# A B C D E F G H I J K L M N O P Q R S T U V W X Y Z

Miscellaneous - February 2007

  by Benjamin Howarth

published: 7 / 1 / 2007

Miscellaneous - February 2007


In the latest in his 'Condemned by Rock 'n' Roll' column, Ben Howarth looks at the British singles chart, which under new ruling now takes into account downlaods

We have entered a bold new era for pop music. The old rules have been broken. Tradition has been smashed. 'Conformity' is dead. The digital age is upon us. First, 'Top of the Pops' was no more. Now, any downloads are allowed to count in the ’official’ singles chart. It’s a revolution, so significant in fact that if you examine the chart in really close detail, you may even notice the difference. Old songs can come back into the chart! It is simply too exciting. Snow Patrol were the first, as ‘Chasing Cars’ re-entered the chart. Now, Billie Piper has ‘Honey to the B’ in at 17. Where will it end? Will old Elvis songs re-appear at the top of the chart… oh, they already have done. Despite these little fun diversions, what has actually happened is not so exciting. All it has proven is that the old chart really wasn’t lying. The public really hate music, and I think its fair to say they seem to hate each other as well. In this moment of unrivalled cultural significance, who was the first new-style number one? The flag bearer for this brave new era? Why, none other than Leona Lewis, of course. With - and I think it is possible to say this - the worst song ever recorded in the history of music. Not only does she murder what little melody there is by trying to fit every single note in the scale into it, not only is she insufferably smug, not only is Simon Cowell making money from it, but 'A Moment Like This' is a cover of a song which saw original release less than 5 years ago. The perfect con. Bad music is everywhere. But this is rehashed bad music. This is bad music that has no purpose other than for people to show off to fellow record company types that, with the right format, the public can be made to buy almost anything. Even a downloading revolution couldn’t stop Cowell cleaning up. I actually rather admire him for it, in an angry and grudging kind of way. Given all this, for what possible reason, did Alan McGee claim in the Guardian that the era of the record company is over? Yes, we did have the "amazing" story of an unsigned band making the top 40. Yes, bands have all got MySpace. Yes, Arctic Monkeys really are popular (2006 wasn’t a dream, it really happened.) Yes, Alan McGee’s current own record label Poptones hasn’t had a hit since the Hives. We know all this. But Leona Lewis still had a huge number one. We can all hope she doesn’t have another, but there are plenty more X-Factor winners where she came from. In all but the eyes of the naively idealistic, record companies haven’t changed one bit. They have always devoted themselves to selling records. Sometimes, they need the record to be good first, but this rule is easily flouted. To help them sell records, they hire managers and PR companies, (all of whom know what MySpace is, by the way). It may be that EMI (which is under the cosh) goes bust. But someone else will take over. It might be Apple themselves. But, and I can be fairly confident in saying this, it won’t be indie bands who win. Downloading has arguably made public taste more eclectic. It may even have made some record execs actually have to listen in board meetings. It may have killed the importance of radio airplay. It may have made lots of people visit one of the most poorly designed websites ever (and have Rupert Murdoch spend money on said site). But it has not stopped people getting rich. As long as people are spending their slim reserves of spare cash to get tunes they want to listen to, there will be people getting rich as a result. This isn’t the first time Alan McGee has proclaimed the revolution. It probably won’t be the last. One thing is for sure, it is still people like Cowell and McGee who will be laughing all the way to bank. And people like you and me who will be hiding from the bank, lest they hit us with an overdraft fine. And as for Billie? Well, I preferred her second album.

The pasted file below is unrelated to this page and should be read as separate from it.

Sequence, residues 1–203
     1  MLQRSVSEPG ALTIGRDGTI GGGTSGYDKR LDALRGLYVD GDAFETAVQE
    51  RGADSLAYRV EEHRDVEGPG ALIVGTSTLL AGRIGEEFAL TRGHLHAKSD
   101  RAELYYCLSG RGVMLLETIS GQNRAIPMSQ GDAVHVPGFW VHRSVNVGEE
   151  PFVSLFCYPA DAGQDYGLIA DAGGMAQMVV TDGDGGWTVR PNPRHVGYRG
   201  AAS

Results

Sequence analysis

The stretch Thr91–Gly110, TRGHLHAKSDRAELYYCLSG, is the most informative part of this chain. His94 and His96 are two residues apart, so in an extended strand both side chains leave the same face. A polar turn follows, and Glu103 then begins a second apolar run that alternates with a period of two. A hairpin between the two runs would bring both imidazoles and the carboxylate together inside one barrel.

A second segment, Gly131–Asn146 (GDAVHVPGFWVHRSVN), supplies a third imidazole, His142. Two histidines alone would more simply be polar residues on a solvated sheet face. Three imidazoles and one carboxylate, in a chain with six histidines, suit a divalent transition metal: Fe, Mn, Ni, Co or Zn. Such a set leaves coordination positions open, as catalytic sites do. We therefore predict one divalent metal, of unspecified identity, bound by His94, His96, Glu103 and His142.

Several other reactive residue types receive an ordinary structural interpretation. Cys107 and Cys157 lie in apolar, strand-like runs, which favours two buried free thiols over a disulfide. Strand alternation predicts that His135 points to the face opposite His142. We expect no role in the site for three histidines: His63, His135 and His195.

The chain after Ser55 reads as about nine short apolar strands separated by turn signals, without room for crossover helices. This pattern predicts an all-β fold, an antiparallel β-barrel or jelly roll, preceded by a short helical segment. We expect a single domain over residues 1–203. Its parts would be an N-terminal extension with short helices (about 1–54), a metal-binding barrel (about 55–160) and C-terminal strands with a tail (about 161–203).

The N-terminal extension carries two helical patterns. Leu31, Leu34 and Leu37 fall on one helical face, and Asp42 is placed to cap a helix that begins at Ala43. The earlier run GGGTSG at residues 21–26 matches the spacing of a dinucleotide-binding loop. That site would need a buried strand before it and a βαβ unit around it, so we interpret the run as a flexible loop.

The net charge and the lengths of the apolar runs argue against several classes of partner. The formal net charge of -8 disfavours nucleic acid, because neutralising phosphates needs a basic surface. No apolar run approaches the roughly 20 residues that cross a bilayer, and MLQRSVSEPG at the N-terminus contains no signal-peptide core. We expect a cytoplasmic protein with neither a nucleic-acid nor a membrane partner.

Also In Condemned to Rock 'n' Roll

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